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The Monarch Times

The Monarch Times

The Monarch Times

Put the Phone Away!

For years, the mass production of phones has led to such devices being readily available for the general public and for a wider demographic, including the youth. From flip phones to iPhones, students have long felt drawn to use their devices to chat with friends, even while in class. Teachers attempt to restrict student’s usage of phones by banning it in class to bring back focus to their lessons. However, today’s society is much more reliant on technology, and as such, everyday tasks seem to require some sort of device. Are phones simply distractions hindering students’ educations, or are they devices necessary for adolescents’ navigation in the modern world?

One argument denouncing phone usage during class is that phones pull attention away from teachers, leading to students learning ineffectively. “It’s part of the culture now,” said Mt. Eden teacher Jeff Huang. He notes that these days, people are almost instinctively drawn to their phones, especially when idle.“I think in a classroom environment, it’s kinda detrimental because people just have their phones out,” stated Huang. When he sees a student on their phone while he is delivering a lesson with important material, he has to decide whether to disrupt the flow of the class or to try to regain their focus.

Teachers like Huang aren’t simply echoing the same complaints; they are also backed by professionals. According to Boston University, in a study conducted by the United Nations Educational, Scientific, and Cultural Organization (UNESCO) it was found that students’ brains need approximately 20 minutes to refocus their attention to the classroom after replying to a text, even if the task took no longer than a few seconds. Additionally, according to Harvard professor of social and behavioral sciences, Michael Rich, attempting to multitask on assignments while simultaneously scrolling on your phone is “actually rapid-switch-tasking. And the problem with that is that switch tasking may cover a lot of ground in terms of different subjects, but it doesn’t go deeply into any of them.” Experts make it clear that students’ phone usage stops them from fully absorbing the contents of their education.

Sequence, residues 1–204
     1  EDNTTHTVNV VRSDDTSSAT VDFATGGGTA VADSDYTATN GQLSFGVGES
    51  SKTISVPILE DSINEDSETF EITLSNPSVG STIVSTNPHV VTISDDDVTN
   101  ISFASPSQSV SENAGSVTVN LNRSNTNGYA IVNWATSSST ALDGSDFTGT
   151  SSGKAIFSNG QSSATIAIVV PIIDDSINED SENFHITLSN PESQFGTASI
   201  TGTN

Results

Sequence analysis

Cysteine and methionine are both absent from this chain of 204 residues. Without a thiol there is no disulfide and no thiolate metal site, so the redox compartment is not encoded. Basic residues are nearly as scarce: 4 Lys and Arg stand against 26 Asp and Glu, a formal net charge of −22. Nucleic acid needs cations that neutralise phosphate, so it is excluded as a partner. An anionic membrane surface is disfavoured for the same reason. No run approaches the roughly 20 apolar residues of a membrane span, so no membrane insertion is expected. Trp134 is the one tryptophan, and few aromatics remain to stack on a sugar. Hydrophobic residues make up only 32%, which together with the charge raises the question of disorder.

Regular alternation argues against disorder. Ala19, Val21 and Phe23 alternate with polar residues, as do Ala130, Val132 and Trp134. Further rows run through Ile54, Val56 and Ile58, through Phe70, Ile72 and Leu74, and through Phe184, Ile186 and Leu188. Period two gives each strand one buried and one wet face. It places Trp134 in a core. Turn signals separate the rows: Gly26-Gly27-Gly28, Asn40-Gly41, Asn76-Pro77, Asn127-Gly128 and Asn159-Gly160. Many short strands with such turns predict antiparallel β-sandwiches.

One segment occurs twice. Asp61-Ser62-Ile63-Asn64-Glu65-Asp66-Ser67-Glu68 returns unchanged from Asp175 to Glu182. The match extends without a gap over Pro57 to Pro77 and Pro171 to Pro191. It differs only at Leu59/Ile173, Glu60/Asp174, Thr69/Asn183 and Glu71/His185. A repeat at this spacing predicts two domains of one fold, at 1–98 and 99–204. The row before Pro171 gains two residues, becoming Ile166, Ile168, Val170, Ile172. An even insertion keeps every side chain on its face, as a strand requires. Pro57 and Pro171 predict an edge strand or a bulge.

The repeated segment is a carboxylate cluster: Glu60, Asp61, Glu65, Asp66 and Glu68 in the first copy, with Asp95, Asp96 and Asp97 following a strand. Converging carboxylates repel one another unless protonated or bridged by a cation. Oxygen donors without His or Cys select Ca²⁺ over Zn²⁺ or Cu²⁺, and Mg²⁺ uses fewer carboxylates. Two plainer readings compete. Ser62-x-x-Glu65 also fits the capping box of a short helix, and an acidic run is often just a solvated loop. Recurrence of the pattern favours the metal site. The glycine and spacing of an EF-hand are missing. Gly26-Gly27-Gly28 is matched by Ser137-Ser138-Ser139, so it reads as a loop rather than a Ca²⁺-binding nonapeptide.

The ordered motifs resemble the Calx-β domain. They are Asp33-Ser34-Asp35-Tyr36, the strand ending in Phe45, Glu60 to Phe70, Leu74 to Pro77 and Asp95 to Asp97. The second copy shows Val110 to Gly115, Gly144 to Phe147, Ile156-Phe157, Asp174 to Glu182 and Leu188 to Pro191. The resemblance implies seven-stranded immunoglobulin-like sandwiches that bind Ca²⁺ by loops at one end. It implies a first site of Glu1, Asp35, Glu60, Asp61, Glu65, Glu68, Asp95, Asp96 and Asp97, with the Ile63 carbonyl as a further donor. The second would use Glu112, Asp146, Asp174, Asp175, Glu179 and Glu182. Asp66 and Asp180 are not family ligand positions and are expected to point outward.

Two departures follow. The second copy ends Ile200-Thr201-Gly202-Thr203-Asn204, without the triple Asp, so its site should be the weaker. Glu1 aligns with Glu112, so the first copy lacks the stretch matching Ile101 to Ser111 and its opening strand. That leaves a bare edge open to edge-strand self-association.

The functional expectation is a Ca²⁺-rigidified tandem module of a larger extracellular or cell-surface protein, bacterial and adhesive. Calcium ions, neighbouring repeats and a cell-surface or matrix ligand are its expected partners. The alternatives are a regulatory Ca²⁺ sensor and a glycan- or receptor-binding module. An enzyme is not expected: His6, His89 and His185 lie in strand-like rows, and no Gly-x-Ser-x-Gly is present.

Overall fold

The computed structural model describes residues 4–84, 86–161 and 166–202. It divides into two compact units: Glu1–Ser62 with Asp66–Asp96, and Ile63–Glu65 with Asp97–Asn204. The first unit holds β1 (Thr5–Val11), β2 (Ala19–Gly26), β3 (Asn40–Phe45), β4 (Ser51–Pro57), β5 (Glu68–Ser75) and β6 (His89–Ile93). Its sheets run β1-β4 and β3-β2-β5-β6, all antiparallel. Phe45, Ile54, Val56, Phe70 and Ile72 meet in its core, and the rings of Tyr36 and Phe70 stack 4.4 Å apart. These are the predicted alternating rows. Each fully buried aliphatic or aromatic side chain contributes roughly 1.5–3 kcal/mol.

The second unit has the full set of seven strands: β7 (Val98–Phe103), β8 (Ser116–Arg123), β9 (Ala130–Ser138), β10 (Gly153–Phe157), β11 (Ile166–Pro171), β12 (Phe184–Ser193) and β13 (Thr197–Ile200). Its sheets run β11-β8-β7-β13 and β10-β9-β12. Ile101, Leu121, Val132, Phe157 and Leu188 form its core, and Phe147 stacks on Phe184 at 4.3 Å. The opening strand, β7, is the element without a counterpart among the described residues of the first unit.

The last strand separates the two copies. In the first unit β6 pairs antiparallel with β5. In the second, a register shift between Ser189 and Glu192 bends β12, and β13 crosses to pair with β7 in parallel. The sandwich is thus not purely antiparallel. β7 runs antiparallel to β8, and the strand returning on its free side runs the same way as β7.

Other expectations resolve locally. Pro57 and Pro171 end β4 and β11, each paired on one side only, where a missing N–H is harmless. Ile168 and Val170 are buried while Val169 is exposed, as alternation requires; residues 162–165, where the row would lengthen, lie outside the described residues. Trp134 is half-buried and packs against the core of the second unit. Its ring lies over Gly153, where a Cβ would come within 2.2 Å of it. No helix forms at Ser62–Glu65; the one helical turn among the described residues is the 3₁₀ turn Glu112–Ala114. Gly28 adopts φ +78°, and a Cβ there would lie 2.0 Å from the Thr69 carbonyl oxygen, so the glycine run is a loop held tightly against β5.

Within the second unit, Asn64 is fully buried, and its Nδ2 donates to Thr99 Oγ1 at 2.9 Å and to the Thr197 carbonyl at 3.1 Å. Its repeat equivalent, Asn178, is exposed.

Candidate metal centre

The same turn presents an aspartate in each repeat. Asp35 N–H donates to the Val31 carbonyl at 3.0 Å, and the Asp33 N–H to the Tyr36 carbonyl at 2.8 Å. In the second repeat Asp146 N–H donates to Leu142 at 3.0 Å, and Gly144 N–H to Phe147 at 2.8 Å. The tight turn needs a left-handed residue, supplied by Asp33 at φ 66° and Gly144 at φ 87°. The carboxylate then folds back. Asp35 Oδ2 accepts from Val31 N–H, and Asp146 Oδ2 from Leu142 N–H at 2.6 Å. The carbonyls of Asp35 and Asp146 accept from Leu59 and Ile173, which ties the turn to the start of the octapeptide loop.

However, despite these observations, others say that phones and other forms of technology have become integral to students’ daily lives, and that schools should take into account technology’s significance to students, especially in relation to recent events. According to the Harvard Gazette, the COVID-19 pandemic led to students having unrestricted access to their devices during distance learning, and experts suggest integrating technology into teaching methods rather than forcing students to conform to a complete shift to offline learning.

Furthermore, one common concern about restricting phone use in class is that it limits students’ ability to contact their families in the event of a crisis. For Mt. Eden junior Danika Reyes, this issue pertains to her. “Personally, it is a major concern for me as someone who contacts their family a lot for family emergencies at school,” stated Reyes. “I understand you’re not allowed to be on it, but if I do receive an important call or text, I’m gonna answer it.” 

The argument of whether or not phones should be allowed is influenced by concerns of the quality of education provided by schools, as well as the ability of students to conduct their lives in a technology-dependent world. However, it is clear that arguments regarding phone usage in class, whether for or against, are for the wellbeing of the student.

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